Lens-Artists Photo Challenge: Pastimes

I am so happy to join my blogger friend Sue (Mac’s Girl) in her photo challenge! We share the experience of living in the Chicagoland area and became WordPress colleagues several years ago.  We have visited many of the same nature areas and museums.

For this challenge, Sue invites photos of pastimes or hobbies.

Yes, I collected stamps for a while as a child. I was a Girl Scout and learned skills like embroidery and knitting. I never spent a lot of time doing crafts (I generally don’t have the patience), but when I worked as a costumed interpreter at Old World Wisconsin, crafting was part of the job. It helped pass the time between guest visits, and it helped create artifact replicas that could be used by that living history museum.

Back in the 19th century, spinning and weaving and sewing wouldn’t really be pastimes or crafts, they would be necessary activities.

Home economics has changed dramatically with technology, but these basic skills represent sustainable living, in my view, and I’d be glad to see them passed down for future generations. 

My favorite pastime, however, is jigsaw puzzling. My grandmother owned several Pastime Puzzles, the kind made of wood and intricately designed. They contained iconic shapes like apples and hats and wheelbarrows and hearts along with curly “gazintas” – the piece that “goes in ta” the others. 

Growing up, my family would work together on these beautiful puzzles while a fire roared in the fireplace, staving off the winter chill and the Christmas vacation boredom.

I later discovered that this passion for puzzling could become a cottage industry. When I was a partner in Scholar & Poet Books, we bought over 300 cardboard jigsaw puzzles at a church rummage sale, put them together to ensure that they weren’t missing pieces, photographed them, and sold them on our e-Bay store.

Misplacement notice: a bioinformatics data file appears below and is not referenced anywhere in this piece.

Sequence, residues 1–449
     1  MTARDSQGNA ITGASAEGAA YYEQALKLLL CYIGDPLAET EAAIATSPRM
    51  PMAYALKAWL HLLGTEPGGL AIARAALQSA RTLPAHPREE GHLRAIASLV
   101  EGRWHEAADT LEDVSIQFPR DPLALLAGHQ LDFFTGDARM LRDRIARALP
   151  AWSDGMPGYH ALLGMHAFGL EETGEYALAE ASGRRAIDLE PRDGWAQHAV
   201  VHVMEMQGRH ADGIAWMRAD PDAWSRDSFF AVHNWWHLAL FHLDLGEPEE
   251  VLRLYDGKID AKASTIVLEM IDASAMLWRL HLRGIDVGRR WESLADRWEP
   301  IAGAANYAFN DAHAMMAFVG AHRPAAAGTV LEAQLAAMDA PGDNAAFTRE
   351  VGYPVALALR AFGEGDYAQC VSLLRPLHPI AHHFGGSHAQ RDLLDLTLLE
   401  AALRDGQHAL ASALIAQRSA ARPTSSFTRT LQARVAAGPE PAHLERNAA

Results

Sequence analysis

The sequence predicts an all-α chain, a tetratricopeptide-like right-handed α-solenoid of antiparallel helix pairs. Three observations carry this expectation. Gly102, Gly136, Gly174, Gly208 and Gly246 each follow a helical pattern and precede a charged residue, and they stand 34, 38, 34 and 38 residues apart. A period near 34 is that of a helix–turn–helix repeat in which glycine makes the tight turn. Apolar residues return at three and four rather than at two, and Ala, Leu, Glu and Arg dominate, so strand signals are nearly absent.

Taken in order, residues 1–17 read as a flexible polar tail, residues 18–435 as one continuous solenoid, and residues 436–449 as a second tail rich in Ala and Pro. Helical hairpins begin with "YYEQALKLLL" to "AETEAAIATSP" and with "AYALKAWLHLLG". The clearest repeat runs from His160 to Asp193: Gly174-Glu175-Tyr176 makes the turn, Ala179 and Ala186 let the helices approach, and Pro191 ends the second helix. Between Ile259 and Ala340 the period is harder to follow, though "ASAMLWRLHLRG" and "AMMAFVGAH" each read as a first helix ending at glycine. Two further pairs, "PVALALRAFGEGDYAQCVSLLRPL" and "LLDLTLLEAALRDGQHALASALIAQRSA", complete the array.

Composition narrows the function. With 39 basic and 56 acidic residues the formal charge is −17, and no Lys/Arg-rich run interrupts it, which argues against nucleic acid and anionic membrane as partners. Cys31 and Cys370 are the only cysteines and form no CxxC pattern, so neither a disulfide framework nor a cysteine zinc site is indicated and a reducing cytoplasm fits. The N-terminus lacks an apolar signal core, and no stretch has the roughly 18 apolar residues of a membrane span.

I couldn’t begin to calculate the number of hours we spent together talking and assembling these puzzles, sometimes late into the night. Our biggest one was 3000 pieces. We developed a kind of system that played to our strengths. Steve was the “sky expert”. He was adept at matching shape and didn’t mind that all the pieces were the same color. I was the “detail expert”. I looked at what was visible on the piece and how the colors and objects made up the whole picture. I was also the “sorter”. I would pour out a few handfuls of pieces into a shallow box lid and find the edge pieces. I would use 8″x10″ box lids and stack them so that they didn’t take up too much room on the dining room table while still displaying the pieces in a single layer. Once the framed edge was in place, we’d fill in the rest, consolidating box lids as they emptied out. Eventually, we’d get down to sorting the almost indistinguishable ones by shape – the two-knobbed, the 3-knobbed, etc. We made up names for the standard shapes like H-pieces and “spadey-feet”. We didn’t come across very many with “gazintas” unless they were puzzles of a certain vintage.

During these hours of sorting and assembling, we would talk over all sorts of subjects and ideas. Often, we’d listen to music together as well. We don’t own a TV, so this was our evening and weekend entertainment, especially when the Wisconsin weather was dreary or harsh. I imagine that pastimes were developed just to create such intimate time in a household. I hope that one grace that emerges from these quarantine times is that more people leave screens behind and develop the ability to spend quality time creating something intimate and sustaining, face to face. 

Lens-Artists Photo Challenge: Simplicity

“I have just three things to teach: simplicity, patience, compassion. These three are your greatest treasures.” ~ Lao Tzu

“Simplicity is the ultimate sophistication.” ~ Leonardo da Vinci

“There is no greatness where there is not simplicity, goodness, and truth.” ~ Leo Tolstoy

“Three Rules of Work: out of clutter, find simplicity; from discord, find harmony; in the middle of difficulty, lies opportunity.” ~ Albert Einstein